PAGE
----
Preaching Politics

Rev. Gregory A. Boyd, an evangelical pastor of a church in Maplewood, Minnesota, preached a series of messages entitled “The Cross and the Sword” in which he stated that the church should stay out of politics.

According to the New York Times, the pastor is not a liberal; he opposes both abortion and gay marriage. His message, although presented for his conservative church, is intended for all politically-motivated churches, whether Republican or Democrat.

From the article, Boyd in his own words:

“America wasn’t founded as a theocracy,” he said. “America was founded by people trying to escape theocracies. Never in history have we had a Christian theocracy where it wasn’t bloody and barbaric. That’s why our Constitution wisely put in a separation of church and state.

“I am sorry to tell you,” he continued, “that America is not the light of the world and the hope of the world. The light of the world and the hope of the world is Jesus Christ.”

I have long maintained that separation of church and state is not the great evil that my Christian school teachers and pastors have made it out to be. In fact, separation of church and state is one of the things that makes this country great.

Think about it: Should you have to be a member of a certain church to vote? Should the government be collecting tithes in the same way they do the income tax? Should the government publish Bibles? What about Korans? Which church should the government promote?

Likewise, from the church’s side: Should your church promote the candidate that opposes abortion and gay marriage, or the one that supports feeding the poor and giving medicine to the sick?

Here is the primary reason that evangelical churches should not push politics from either side of the aisle: The goal of the church is to get as many people saved as possible and to get those people to follow Christ’s teachings to the best of their ability. But when the preacher starts, say, praising the war in Iraq, people who oppose the war are instantly turned off from the whole message. At best, it’s a distraction from the gospel. At worst, the people who oppose the war reject the gospel along with your politics. In other words, people are going to hell because you wouldn’t stop promoting your politics from the pulpit.

By all means, promote your politics with rallys, advertising, protests, and petitions. But for God’s sake–and I mean that literally–don’t try to affililate Christ with your political views. Stick to preaching about Christ and his teachings from the pulpits of your churches.

(Thanks to The Sycamore Tree for the link.)

10 thoughts on “Preaching Politics

  1. This is one of those issues where people often don’t use their word carefully enough.
    Do i support “separation of church & state” (i.e. that the state should not interfere in religious matters nor establish an official church)” Absolutely!
    Do i support “separation of church & state” (i.e. that no religious ideas should be allowed outside the church)? no.

    The important question IMHO is not “is what is being preached political”? but “is what is being preached directly from the Bible?” That homosexuality or abortion is wrong, is taught in the bible, and should therefore be preached. A particular legislative strategy for dealing with these things (for the new testament era) cannot be found in the Bible, and therefore should not be preached.

  2. What interests me is that no where in the epistles nor in early church history do you see the church recommending ways to change the Roman Empire to make it more amenable to Christianity. The early church had no interest in politcal reform, only in spreading the message of the Gospel.

    You don’t see Paul condemning the brutality of the Coliseum, nor are there any writings condemning Nero for his torture and murder of the early Christians.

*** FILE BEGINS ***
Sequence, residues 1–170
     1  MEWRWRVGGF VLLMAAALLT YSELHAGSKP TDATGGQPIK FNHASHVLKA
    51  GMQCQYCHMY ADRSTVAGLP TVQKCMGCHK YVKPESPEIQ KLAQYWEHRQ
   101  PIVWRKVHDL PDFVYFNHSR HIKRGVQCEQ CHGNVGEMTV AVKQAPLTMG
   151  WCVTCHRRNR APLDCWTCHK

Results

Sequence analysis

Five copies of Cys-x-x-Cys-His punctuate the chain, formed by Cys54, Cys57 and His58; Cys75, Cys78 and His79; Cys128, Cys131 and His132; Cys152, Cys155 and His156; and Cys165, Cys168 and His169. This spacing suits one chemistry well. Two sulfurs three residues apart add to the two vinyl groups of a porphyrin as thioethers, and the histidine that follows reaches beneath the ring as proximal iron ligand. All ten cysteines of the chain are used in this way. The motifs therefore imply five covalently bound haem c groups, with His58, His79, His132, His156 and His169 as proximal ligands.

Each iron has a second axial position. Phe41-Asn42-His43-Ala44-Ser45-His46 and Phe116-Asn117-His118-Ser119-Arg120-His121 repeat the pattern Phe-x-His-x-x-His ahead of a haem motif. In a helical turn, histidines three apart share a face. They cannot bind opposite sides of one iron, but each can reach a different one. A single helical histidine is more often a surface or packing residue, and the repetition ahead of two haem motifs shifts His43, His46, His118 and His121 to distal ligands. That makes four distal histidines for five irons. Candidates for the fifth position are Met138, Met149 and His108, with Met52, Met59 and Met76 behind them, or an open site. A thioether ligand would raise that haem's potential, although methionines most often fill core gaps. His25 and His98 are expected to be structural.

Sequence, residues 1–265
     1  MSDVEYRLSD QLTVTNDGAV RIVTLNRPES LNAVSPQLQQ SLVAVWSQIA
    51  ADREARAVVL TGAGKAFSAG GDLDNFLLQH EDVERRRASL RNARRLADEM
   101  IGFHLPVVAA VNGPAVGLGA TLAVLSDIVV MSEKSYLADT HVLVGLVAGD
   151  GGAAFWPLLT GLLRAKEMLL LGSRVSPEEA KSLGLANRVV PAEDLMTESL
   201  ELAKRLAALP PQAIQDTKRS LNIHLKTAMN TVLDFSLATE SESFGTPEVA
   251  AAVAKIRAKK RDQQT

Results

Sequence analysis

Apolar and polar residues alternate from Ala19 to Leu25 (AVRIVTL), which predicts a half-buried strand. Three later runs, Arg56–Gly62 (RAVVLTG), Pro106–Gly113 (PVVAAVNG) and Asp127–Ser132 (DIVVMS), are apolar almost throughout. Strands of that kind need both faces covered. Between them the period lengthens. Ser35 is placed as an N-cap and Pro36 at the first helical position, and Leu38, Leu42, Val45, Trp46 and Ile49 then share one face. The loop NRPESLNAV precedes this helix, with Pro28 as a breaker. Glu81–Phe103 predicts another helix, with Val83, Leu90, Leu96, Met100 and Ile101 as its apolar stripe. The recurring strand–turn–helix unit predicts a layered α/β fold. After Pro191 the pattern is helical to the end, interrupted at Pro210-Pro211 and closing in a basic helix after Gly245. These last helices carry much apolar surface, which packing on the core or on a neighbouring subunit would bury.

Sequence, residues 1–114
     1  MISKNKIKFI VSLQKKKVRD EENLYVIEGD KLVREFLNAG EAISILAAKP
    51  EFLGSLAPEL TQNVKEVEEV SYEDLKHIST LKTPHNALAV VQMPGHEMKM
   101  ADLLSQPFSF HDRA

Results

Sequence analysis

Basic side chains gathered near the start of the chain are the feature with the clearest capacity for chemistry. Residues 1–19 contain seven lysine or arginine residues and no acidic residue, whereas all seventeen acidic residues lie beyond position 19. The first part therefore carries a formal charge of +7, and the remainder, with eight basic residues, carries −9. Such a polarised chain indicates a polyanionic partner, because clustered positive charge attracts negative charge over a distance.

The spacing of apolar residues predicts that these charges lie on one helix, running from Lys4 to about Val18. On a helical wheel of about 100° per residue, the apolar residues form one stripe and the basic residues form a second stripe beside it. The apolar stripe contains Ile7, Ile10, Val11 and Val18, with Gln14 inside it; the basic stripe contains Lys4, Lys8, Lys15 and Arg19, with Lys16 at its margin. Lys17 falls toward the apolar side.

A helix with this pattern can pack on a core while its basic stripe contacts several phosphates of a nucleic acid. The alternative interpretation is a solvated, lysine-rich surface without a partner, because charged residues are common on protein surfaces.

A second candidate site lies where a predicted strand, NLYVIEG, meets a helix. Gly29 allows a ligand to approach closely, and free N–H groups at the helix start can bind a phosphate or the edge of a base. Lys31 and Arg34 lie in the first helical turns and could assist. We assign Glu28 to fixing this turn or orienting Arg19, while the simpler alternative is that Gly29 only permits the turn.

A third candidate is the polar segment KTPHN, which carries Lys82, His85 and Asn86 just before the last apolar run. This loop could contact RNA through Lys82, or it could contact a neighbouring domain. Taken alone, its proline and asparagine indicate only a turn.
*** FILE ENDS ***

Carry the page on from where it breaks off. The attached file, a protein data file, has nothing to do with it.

jwbjerk: It seems like you support sort of a lopsided separation of church and state. In other words, the state shouldn’t interfere with the church, but the church can do whatever it wants to with the state.

    I agree with your second point, that we should preach against issues that the Bible condemns, but what I’m talking about is the sort of activism that I see every four years or so (i.e. “candidate information” cards that are thinly veiled ways of telling people in the congregation who to vote for) as well as the blanket condemnation of “liberals” and “activist judges” that I hear on a regular basis.

    To me, such things dilute the messages that God actually wants distributed according to the Bible.

    Barbara H: While I am aware that the words “separation of church and state” do not appear in the Constitution, the principle is still there. The famous quote from Jefferson’s letter reads:

    Believing with you that religion is a matter which lies solely between man and his God, that he owes account to none other for his faith or his worship, that the legislative powers of government reach actions only, and not opinions, I contemplate with sovereign reverence that act of the whole American people which declared that their legislature should “make no law respecting an establishment of religion, or prohibiting the free exercise thereof,” thus building a wall of separation between church and State.

    In other words, the principle is that the church and state are to be separate entities: The state can’t tell you what church to join, and the church can’t tell you which candidate to vote for.

  3. I think none of the governments in Bible days were democracies, so citizens did not have the opportunities for a voice in government as we have today. If we have it, I think it is perfectly fine to use it. Some would even say we have a responsibility to use it.

    I don’t see a pastor recommending a candidate or asking his congregation to write to their legislators, etc., as crossing any lines. “The Church” doesn’t have the authority as, say, the Roman Catholic church in the Middle Ages. People view what their pastor’s say there as recommendations, not commandments.

    I don’t think jwbjerk’s two statements were lopsided at all. The First Amendment simply says (about religion), “Congress shall make no law respecting an establishment of religion, or prohibiting the free exercise thereof.” That’s pretty plain and simple, and not at all as far-reaching as some people think. The State does, of course, have a right to make sure churches keep within the law when it comes to zoning, fire code regulations, etc., but not in things that pertain specifically to the exercise of religion.